“Training-scape” helps soldiers, wildlife

This regal fritillary is at Fort Indiantown Gap in central Pennsylvania, one of very few places this butterfly can be found outside of the Great Plains region. Conservationists burn and scatter plant seeds to replenish native grasslands with food plants fritillaries need during different stages of their life cycle. Next to those grasslands lie literally thousands of acres of young forest. Credit: Pennsylvania National Guard/Tom Cherry (from Flickr Commons)

This rare regal fritillary is at Fort Indiantown Gap in central Pennsylvania, one of very few places this butterfly can be found outside of the Great Plains region. Conservationists burn and scatter plant seeds to replenish native grasslands with food plants fritillaries need during different stages of their life cycle. Next to those grasslands lie literally thousands of acres of young forest. Credit: Pennsylvania National Guard/Tom Cherry (from Flickr Commons)

This post comes to us from our partner site, www.youngforest.org, a resource dedicated to keeping young forest on our landscape. Let’s grow wildlife habitat together! Our agency is a partner for this specific Pennsylvania project, and one of our volunteers, Dave Putnam, has dedicated many efforts to it.

It sounds like a contradiction in terms: An active military base that’s a wildlife hotspot. But at Fort Indiantown Gap in central Pennsylvania (known simply as “the Gap”), staff conservationists are shaping a landscape for military training while simultaneously making and maintaining thousands of acres of wildlife habitat, including native grasslands and young forest, rare and getting rarer in the Northeast where mature forest increasingly dominates the land.

“Fort Indiantown Gap is one of the most biodiverse places I’ve ever been,” reports Forest Program Manager Shannon Henry, “and that’s because we proactively manage it.”

Nature enthusiasts from across the U.S. visit the Pennsylvania National Guard post to see the regal fritillary. Credit: Pennsylvania National Guard/Tom Cherry (from Flickr Commons)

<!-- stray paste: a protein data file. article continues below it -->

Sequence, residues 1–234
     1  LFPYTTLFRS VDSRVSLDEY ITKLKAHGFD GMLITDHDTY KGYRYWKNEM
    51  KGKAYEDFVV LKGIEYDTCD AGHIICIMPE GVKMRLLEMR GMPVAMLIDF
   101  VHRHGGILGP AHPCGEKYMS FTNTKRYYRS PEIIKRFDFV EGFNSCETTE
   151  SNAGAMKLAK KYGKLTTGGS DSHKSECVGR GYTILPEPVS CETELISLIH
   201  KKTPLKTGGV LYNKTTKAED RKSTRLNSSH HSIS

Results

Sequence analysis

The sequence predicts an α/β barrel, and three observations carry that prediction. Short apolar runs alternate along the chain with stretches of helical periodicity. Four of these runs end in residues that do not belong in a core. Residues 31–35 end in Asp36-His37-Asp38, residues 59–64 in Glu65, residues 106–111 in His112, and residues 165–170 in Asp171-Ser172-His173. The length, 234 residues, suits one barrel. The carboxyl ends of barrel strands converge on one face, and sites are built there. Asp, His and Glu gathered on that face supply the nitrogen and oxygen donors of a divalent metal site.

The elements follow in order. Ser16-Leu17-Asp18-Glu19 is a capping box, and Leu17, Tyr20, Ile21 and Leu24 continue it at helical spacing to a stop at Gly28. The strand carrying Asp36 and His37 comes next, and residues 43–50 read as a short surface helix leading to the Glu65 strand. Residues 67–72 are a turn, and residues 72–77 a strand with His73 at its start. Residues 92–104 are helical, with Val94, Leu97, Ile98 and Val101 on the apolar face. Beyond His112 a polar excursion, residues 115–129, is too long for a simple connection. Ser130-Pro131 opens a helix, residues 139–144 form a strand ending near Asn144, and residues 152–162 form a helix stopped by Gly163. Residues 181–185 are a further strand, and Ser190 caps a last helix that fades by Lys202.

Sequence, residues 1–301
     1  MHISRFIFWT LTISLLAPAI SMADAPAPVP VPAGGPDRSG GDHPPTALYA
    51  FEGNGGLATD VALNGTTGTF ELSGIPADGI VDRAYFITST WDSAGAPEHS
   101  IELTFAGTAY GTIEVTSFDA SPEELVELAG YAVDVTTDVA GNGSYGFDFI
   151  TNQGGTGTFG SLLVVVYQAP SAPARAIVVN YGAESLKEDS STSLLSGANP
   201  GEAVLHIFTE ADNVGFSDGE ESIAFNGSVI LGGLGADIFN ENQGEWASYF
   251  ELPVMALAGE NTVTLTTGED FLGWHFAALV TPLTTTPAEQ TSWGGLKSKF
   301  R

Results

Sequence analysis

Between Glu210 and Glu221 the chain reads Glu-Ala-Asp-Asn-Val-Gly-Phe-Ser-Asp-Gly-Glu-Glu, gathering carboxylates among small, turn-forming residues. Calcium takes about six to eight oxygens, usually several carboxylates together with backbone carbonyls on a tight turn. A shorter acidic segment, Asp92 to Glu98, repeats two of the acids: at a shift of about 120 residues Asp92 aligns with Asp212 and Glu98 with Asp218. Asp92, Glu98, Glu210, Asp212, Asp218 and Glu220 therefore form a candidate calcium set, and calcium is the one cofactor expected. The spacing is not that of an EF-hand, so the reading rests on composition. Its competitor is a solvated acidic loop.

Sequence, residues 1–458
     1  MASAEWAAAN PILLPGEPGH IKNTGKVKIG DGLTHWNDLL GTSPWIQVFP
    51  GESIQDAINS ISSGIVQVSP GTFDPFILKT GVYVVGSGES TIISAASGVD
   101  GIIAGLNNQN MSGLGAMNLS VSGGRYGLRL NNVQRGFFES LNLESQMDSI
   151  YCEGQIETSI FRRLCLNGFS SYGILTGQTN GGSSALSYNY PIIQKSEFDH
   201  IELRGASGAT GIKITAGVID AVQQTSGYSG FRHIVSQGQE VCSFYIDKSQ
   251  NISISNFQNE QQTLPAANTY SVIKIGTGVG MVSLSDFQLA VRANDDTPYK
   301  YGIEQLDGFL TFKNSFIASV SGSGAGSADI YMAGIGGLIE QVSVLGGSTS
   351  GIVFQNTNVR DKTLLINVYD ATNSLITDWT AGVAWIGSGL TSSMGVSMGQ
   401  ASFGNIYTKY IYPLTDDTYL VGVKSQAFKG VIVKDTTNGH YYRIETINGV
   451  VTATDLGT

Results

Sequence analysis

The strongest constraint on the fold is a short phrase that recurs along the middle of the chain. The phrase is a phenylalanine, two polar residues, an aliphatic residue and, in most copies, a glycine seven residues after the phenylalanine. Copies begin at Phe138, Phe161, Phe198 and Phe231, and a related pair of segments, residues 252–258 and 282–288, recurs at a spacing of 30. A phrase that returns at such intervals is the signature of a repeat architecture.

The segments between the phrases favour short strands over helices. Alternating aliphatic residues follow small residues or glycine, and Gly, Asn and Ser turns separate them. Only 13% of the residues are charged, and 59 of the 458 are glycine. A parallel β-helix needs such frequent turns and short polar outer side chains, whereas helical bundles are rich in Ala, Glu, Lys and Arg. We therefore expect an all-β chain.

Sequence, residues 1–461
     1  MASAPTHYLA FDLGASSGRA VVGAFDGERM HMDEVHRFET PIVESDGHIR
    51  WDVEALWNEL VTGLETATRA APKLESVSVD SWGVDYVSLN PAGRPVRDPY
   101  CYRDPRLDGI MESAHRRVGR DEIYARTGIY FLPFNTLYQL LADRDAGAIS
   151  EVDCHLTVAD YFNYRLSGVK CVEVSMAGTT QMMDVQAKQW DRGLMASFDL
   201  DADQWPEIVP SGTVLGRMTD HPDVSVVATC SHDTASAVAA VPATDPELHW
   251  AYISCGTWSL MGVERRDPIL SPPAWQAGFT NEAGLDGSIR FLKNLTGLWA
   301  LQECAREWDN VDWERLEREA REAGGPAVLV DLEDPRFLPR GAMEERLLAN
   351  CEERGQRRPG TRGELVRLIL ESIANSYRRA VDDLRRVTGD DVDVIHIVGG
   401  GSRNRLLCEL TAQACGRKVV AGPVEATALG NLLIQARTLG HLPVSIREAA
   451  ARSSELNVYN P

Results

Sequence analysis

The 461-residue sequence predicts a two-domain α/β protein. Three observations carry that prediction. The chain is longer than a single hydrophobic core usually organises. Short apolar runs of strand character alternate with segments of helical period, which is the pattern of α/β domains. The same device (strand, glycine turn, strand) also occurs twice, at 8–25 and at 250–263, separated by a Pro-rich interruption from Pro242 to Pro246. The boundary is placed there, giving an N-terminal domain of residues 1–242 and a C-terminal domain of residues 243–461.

Nature enthusiasts from across the U.S. visit the Pennsylvania National Guard post to see the regal fritillary. Credit: Pennsylvania National Guard/Tom Cherry (from Flickr Commons)

Henry works closely with Joseph Hovis, who heads the base’s Wildlife Section. On the 17,000-acre base more than 125,000 soldiers train each year. They need ranges where they can drive tanks and practice shooting weapons from rifles to cannons. Hovis’s and Henry’s job is to keep that “training-scape” functioning through prescribed burning, timber harvests, and brush-cutting.

“We keep the vegetation short – less than 10 feet on a shooting range, for example,” says Hovis. “Each year we apply fire to 3,000 to 5,000 acres and harvest timber on another 200 to 300 acres.”

Those activities yield the kind of periodic disturbances that once were common – disturbances that set back vegetative growth and give rise to patches of young forest and grassland that move around on the landscape. At the Gap, such ephemeral habitats provide food and cover for a broad range of creatures including woodcock, bobwhite quail, catbirds, towhees, brown thrashers, blue grosbeaks, box turtles, wood turtles, spotted turtles, smooth greensnakes, timber rattlesnakes – the list goes on and on.

Read the rest of this story at www.youngforest.org!

The controlled use of fire can remove or chew down older woody growth, periodically returning the habitat to a young stage, insuring that we keep enough young forest around so that the land supports the wildlife that need it. Fort Indiantown officials must continually use prescribed (also called  controlled) fires to reduce the amount of woody fuel on the ground so that small fires don’t become big ones that jump out of the training area. This photo is from a prescribed burn in March 2011. Credit: Pennsylvania National Guard/Tom Cherry (from Flickr Commons)

The controlled use of fire can remove or chew down older woody growth, periodically returning the habitat to a young stage, insuring that we keep enough young forest around so that the land supports the wildlife that need it. Fort Indiantown officials must continually use prescribed (also called controlled) fires to reduce the amount of woody fuel on the ground so that small fires don’t become big ones that jump out of the training area. This photo is from a prescribed burn in March 2011. Credit: U.S. Air Force photo by Staff Sgt. Ted Nichols/Released to Pennsylvania National Guard (from Flickr Commons)